GDPR's impact on the telecoms operators and big internet firms
There is great excitement about big data and machine learning, and the range of uses they can support to offer improvements in our daily lives. However, this excitement is tempered by nervousness about exactly how the data will be used and how much power will be wielded by organisations that gather masses of personal data.
Telecoms operators and large internet players both rely heavily on data, but in quite different ways. In this note, we analyse the differences and then go on to discuss the potential impact of the new General Data Protection Regulation (GPDR)1 on these companies.
Exponentially increasing data usage
The volume of data carried over both fixed and mobile networks is growing exponentially; the variety of data spawned is also multiplying as new types of applications, such as ‘personal helpers’2 emerge. This is creating a personal digital trail that reveals a lot about us, from where we tend to be at certain times of the day to what’s on our minds. It is well established that how we say we will behave in particular situations differs from the way we behave in practice. The data that is collected via our ‘internet usage trail’, unlike when we respond to surveys, reflects our actual behaviour. A key question is to what extent companies can turn this data into meaningful information that can be monetised.
Turning data into money
In broad terms, it is possible to use data generated by users to increase profits by:
- Improving the products that are offered by the holders of the data (a one-sided business model);
- Improving the effectiveness of products offered in a different market (a multi-sided business model) e.g.
- Using data to increase the effectiveness of ads
- Offering the data commercially to other organisations to allow these organisations to improve their offers to their customers and/or make better decisions, based on better insights into the behaviour of existing or potential customers.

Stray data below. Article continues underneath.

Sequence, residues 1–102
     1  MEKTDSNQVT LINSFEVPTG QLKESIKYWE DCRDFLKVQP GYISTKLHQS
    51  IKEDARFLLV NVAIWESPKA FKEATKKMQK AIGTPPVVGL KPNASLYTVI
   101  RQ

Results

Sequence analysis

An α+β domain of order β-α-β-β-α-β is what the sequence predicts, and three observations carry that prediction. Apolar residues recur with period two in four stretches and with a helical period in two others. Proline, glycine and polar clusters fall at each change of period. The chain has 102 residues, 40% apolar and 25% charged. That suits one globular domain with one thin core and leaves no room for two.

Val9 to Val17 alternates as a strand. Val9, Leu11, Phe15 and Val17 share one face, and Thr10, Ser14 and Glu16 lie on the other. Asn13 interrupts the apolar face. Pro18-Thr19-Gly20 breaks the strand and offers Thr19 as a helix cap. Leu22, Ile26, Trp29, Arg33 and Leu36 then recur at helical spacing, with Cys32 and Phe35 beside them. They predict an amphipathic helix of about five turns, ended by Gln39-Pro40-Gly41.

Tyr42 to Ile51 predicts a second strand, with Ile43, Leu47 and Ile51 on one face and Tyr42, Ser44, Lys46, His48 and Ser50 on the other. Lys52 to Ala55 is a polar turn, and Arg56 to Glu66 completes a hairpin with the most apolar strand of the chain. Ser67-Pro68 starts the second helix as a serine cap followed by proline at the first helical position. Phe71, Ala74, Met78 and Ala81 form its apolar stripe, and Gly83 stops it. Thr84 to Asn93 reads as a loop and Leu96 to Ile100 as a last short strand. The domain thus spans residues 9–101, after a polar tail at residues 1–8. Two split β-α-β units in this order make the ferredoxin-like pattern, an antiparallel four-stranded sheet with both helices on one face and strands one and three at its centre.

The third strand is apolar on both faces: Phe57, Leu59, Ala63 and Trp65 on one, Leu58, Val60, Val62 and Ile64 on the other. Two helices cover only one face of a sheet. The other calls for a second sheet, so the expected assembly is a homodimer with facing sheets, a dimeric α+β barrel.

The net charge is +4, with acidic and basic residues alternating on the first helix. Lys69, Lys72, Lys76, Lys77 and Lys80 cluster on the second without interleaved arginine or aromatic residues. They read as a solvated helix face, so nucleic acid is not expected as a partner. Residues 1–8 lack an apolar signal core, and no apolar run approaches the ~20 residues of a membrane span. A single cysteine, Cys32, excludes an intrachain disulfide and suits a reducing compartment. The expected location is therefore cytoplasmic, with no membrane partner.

Telecoms operators and large internet players have access to a wide array of data on users that they tend to harness in quite different ways, as discussed below.
Telecoms operators can have information on areas, such as the demographic characteristics of their customers, what sites they visit, what apps they are running and their usage patterns,3 and what devices they are using. In addition, mobile operators have extensive data on the movement of their customers, as their phone is constantly communicating with surrounding base stations. They can employ all of this data in a number of different ways4:
- Optimising network performance. Fixed and mobile operators use data to monitor network faults and incipient congestion to help them decide where more investment is needed.
- Designing tariffs and identifying opportunities to tailor product offers. For instance, operators know when you are about to exhaust your monthly data allowance or what time of day you tend to use your phone or other device. More insights could be drawn from this type of data by applying findings from behavioural economics. For example, behavioural economics could be used to gain a deeper understanding of why some customers regularly switch providers whereas others’ don’t.
- Selling ads. To date, most telecoms operators (fixed and mobile) have not focused much on trying to sell ads5, although some mobile firms have tried to monetise targeted bulk Short Messaging Service (SMS) advertising and other initiatives6.
- Aggregating data to provide insights into customer behaviour for other organisations. For instance, mobile operators’ data can provide pointers to where it may be worth locating new stores or what transport services would best serve towns. Telefonica has set up a business unit to provide such insights7. In general, even though this type of service does not directly involve offering personal data (since the data is aggregated), telecoms operators have still been wary of potentially breaching privacy protection legislation and undermining customer trust. For example, Deutsche Telekom cancelled a pilot project on the analysis of customer data to improve traffic management in Nuremberg8 due to privacy concerns9.
Large internet players
If it is technically feasible to collect data on something, chances are that large internet players are doing it. Depending on the player in question, data is held on things like location history, photos, documents uploaded, calendars, messages sent, searches made, pages that have been “liked” or shared, music listened to, etc.10
Of course, collecting data is central to the business of a number of internet players. Many offer their services for free or at a very low cost, with the aim of maximising the number of users of the service. Revenues are then generated from ads that are targeted to the users of the service. Large internet companies target ads in many different ways, including:
- Tailoring ads on search sites based on what is being searched for (this could either take the form of text links, videos and/or images)
- Using information from browsing history (sites visited, searches made) to better target display ads on other sites
- Using information from users’ profile on social networks and what things they have “liked” or shared